This article comes from Todd Stewart, MD, VP of Clinical Integrated Solutions with Mercy Technology Services.
Incorporating electronic health records (EHR) into the actual practice of medicine is a struggle for many physicians. As a physician myself, I think it’s because it requires us to do things differently. It sounds simple, but it’s not. It takes a great deal of effort and it can lead to provider burn-out, ultimately driving some physicians to leave practice.
The crux of the problem is, with most EHRs, the computer becomes the center of the universe, and that’s not what practicing medicine is about. For medical care providers, the patient is always the focus. It’s the doctor-patient interaction that matters – everything from eye contact to heart-to-heart conversations about the patient’s condition. In essence, the doctor-patient exam should never be with the doctor’s back to the patient and eyes glued to a computer screen.
On the flip side, computers as care tools have many advantages. But to make it work, we need to re-engineer the EHR workflow process so physicians can reduce their time spent documenting details that could be done just as well (or better) by someone else.
At Mercy, the fifth largest Catholic health care system based in St. Louis, Mo., we’ve been experimenting with workflows and improving how we use our Epic EHR. We’ve created a new position in our clinics called the Care Team Coordinator (CTC). This is a nurse or medical assistant trained to assist clinicians by taking and documenting a patient’s history when they arrive. Then, that information is relayed to the clinician just outside the exam room. With the proper CTC training and workflows built into the EHR, this can require as little as two to three minutes.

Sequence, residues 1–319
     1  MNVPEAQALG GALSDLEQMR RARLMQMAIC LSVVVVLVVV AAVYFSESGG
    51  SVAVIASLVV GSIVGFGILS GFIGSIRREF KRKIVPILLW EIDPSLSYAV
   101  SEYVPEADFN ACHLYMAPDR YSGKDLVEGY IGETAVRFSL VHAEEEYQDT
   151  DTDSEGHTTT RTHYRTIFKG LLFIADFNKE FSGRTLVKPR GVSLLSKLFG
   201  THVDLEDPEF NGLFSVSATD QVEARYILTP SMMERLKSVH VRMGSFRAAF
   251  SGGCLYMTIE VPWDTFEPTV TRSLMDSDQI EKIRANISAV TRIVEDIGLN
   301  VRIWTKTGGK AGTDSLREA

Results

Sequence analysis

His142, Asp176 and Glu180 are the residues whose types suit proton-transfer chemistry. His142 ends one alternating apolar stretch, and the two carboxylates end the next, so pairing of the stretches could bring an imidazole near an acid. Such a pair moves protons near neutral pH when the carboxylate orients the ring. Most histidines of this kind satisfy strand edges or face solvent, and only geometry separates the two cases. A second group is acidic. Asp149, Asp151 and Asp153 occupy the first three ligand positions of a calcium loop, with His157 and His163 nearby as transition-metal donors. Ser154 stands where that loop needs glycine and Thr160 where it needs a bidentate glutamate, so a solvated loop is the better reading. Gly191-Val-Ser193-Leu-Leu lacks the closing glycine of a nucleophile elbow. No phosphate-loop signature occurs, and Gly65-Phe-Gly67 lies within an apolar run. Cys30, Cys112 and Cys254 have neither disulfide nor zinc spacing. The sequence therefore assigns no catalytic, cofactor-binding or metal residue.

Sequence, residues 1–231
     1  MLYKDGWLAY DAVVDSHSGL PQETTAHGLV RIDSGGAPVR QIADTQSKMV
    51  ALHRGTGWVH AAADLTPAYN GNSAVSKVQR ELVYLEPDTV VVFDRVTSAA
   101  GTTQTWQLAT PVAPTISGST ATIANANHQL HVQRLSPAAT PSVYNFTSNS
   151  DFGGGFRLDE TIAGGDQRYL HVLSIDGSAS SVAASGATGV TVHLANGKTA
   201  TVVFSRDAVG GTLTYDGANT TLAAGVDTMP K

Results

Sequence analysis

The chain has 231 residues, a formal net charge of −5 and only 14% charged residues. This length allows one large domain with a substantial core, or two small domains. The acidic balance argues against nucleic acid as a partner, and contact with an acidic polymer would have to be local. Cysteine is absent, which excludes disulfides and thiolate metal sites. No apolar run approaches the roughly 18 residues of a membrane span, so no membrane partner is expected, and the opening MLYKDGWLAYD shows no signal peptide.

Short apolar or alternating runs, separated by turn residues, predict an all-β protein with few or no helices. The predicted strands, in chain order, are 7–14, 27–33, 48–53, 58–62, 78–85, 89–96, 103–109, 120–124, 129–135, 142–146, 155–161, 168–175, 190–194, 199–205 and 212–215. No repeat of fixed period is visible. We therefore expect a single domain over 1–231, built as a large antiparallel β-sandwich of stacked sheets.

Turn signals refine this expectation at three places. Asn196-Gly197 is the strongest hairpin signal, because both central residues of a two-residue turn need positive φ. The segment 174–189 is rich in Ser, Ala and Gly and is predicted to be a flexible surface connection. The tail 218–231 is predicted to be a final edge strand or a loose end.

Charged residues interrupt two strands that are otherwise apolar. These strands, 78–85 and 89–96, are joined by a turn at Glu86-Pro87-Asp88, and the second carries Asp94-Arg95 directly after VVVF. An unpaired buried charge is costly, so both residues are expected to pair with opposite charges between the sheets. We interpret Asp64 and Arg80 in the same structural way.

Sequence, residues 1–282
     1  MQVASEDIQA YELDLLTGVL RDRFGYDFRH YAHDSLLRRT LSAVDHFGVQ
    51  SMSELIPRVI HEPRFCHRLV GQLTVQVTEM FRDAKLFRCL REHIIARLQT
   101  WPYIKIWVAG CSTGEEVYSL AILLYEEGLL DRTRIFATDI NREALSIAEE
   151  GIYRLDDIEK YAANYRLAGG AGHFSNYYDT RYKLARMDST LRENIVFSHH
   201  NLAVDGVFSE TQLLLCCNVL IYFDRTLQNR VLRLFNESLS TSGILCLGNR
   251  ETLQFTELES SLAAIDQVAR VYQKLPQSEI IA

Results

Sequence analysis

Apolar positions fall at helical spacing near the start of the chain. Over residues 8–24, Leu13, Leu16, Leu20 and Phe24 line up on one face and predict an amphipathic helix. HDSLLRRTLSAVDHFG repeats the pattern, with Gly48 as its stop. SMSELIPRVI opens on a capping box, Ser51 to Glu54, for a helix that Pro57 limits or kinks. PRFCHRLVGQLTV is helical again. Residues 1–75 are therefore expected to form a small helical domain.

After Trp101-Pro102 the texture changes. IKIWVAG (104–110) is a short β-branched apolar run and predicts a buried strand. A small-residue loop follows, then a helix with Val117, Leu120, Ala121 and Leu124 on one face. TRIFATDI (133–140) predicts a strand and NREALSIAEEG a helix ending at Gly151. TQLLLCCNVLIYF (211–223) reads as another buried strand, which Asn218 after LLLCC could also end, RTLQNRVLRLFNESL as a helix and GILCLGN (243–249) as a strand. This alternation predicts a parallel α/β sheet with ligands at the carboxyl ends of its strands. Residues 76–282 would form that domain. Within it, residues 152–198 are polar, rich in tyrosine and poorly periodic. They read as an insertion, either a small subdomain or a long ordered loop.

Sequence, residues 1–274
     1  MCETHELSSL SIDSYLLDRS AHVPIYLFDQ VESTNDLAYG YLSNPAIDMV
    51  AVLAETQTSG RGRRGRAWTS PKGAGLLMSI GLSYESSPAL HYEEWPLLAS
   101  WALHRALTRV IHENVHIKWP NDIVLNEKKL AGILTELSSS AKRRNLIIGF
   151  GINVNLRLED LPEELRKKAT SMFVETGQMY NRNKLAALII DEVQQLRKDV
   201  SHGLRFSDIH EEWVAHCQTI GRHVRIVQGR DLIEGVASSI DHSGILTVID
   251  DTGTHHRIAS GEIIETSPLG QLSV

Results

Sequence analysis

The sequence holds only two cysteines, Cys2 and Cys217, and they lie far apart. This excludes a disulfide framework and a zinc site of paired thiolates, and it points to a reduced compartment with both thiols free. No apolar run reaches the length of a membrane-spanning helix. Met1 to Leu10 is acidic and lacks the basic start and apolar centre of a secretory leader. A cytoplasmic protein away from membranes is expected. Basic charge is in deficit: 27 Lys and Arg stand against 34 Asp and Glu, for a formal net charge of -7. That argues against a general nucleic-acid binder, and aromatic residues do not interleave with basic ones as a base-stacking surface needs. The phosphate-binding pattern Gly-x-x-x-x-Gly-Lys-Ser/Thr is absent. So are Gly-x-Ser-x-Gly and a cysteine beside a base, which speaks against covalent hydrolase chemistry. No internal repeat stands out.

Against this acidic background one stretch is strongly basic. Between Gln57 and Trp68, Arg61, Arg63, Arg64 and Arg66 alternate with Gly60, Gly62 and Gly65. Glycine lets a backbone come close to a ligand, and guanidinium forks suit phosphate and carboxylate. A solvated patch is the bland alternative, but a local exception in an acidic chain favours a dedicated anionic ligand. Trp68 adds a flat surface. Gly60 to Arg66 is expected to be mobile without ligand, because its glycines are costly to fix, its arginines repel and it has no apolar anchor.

While in the exam room, the doctor focuses on talking with and examining the patient while the CTC focuses on the EHR. This newly re-engineered workflow allows me to use my medical expertise to provide the best care possible – free of mouse clicks. Then after the CTC enters my orders and I finish the exam, I review the orders. In surveying patients, we have found patients prefer this physician-focused method. And it’s no wonder. Not only do patients get better care, but I can see more patients every day, my EHR documentation improves and orders are more accurate and timely.
At Mercy, we continue to experiment with these advanced clinical workflows. Our success over the years in re-engineering and re-programming workflows in Epic to better serve our patients, improve care and reduce costs has garnered awards and earned Epic’s seal of approval. Last year, we became the nation’s first provider to be Epic-accredited, so we can help others still struggling with EHR headaches.
While it requires commitment and a good dose of perseverance, the EHR is an effective tool in providing the best patient care with one caveat – the patient is always our central focus.